Kurtz, here I have try again to prove -without defining it- that if f is a vectorial continuous function with domain [0, 1], f(1/4) precedes f(1/3) and this one precedes f(1/2):

A continuous function with a compact domain makes a compact range. So f([1/4, 1/2]) is compact, so is closed, so every point in it is an acumulation point of it. So f(1/3) is an acumulacion point of f([1/4, 1/2]) and therefore it must be located "inside" the curve that goes from f(1/4) to f(1/2).

Is this okey?

13. Jan 6, 2010

LCKurtz

The notion of one point preceding another on the curve doesn't have anything to do with continuity. It has to do with the parameterization. How do you define it without a parameterization?

Remember that, given a parameterization of a curve:

$$\vec R(t) = \langle f(t), g(t), h(t) \rangle,\ a\le t \le b$$

we define that $\vec R(p)$ precedes $\vec R(q)$ if $$p < q[/itex]. Consider the following two parameterizations of the line x+y=4 in the first quadrant: [tex]\vec R(t) = \langle 4t,4 - 4t \rangle,\ 0\le t \le 1$$

$$\vec S(t) = \langle 4-4t, 4t\rangle,\ 0\le t \le 1$$

By definition R(1/4) = (1,3) precedes R(1/2) =(2,2) for this parameterization.
But S(1/2) = (2,2) precedes S(3/4) = (1,3) for this one.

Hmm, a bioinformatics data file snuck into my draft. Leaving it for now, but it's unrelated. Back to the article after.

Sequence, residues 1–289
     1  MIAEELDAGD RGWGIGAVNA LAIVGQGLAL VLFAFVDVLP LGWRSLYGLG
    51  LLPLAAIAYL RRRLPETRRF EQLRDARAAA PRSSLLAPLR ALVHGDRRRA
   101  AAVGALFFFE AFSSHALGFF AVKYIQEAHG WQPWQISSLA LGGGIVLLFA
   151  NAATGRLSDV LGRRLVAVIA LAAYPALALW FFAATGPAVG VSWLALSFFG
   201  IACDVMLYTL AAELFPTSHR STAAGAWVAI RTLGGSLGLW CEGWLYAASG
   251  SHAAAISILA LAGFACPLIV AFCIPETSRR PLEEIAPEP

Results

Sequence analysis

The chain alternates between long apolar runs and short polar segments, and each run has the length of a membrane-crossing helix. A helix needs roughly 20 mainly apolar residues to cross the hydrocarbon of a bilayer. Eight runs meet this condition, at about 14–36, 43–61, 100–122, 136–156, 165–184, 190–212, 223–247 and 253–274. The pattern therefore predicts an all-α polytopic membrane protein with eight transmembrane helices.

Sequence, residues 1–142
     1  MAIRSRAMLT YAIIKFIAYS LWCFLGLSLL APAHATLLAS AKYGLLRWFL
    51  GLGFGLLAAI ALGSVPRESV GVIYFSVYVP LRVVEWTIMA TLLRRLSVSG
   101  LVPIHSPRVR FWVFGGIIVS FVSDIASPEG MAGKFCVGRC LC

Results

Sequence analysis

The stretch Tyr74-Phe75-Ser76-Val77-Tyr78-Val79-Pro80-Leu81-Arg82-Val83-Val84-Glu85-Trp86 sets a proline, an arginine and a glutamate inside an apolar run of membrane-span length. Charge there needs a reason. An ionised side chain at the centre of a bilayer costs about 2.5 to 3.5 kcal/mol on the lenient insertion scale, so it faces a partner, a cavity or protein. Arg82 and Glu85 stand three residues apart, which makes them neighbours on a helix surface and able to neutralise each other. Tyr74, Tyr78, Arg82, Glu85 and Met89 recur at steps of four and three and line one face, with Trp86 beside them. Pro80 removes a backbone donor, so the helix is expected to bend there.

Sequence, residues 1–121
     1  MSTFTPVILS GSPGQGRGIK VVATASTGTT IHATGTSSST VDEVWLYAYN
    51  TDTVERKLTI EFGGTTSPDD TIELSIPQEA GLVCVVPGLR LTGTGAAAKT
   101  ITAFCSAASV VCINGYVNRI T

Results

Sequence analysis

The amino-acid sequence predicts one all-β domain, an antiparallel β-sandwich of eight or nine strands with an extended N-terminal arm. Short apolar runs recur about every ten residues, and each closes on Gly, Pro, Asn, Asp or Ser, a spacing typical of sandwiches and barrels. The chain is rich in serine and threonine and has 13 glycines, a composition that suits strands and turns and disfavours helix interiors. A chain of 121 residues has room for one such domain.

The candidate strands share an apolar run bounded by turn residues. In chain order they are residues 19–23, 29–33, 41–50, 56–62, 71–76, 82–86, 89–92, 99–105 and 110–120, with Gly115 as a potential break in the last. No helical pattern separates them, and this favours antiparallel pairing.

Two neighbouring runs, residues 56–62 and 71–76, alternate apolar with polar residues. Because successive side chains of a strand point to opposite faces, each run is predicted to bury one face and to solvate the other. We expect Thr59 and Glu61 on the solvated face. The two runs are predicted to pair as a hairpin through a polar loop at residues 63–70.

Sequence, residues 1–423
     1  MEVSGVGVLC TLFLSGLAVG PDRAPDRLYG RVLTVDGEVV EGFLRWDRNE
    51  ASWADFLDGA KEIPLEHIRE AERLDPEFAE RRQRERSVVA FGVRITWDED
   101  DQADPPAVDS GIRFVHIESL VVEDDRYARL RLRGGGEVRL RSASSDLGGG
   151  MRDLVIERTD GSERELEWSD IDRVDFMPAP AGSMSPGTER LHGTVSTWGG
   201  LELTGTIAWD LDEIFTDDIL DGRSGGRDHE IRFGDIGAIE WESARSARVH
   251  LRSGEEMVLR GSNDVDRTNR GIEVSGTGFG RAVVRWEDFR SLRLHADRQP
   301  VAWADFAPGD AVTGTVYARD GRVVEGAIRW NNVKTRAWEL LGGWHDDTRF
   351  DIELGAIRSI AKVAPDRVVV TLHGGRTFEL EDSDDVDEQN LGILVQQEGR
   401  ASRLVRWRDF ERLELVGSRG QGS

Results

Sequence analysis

The parameterization determines the order.

14. Jan 7, 2010

Castilla

Kurtz, thank you for taking time to help me.

15. Jan 11, 2010

Castilla

A question more or less related with these theme. I know that if I have a vectorial continuous function defined on a closed interval, the range will be a continuous curve in some euclidian space. Does the inverse is truth? Does the movement of a fly in this room have necessarily a function the parametrizes that curve?

16. Jan 11, 2010

LCKurtz

In principle, yes. If the curve is rectifiable (fly paths are ) you simply parameterize them in terms of arc length s. So for $0 \le s \le l(C),\ \vec R(s)$ is the point on the curve that is arc length s from R(0). Of course, writing down a formula for it is another question.

17. Jan 11, 2010

Castilla

But we would need some function to be considered as the integrand in the definite integral that defines the arc length. How we obtain such parametrization?
Thanks.

18. Jan 11, 2010

LCKurtz

Just because it may be difficult or impossible to write an "simple" explicit formula for parameterizing a curve in terms of arc length doesn't mean it is not a useful concept. Something like the following makes perfect sense. Let C be a smooth curve with finite arc length l(C). Let $\vec R = \vec R(s)$ be its parameterization in terms of arc length, $0 \le s \le l(C)$.

You will usually see such as that in calculus books where they are discussing velocity, acceleration, and curvature for parametric functions. One example where I have done exactly that is an article about flying an airplane in the wind. If you are interested, look at:

http://math.asu.edu/~kurtz/flywind.html" [Broken]

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19. Jan 11, 2010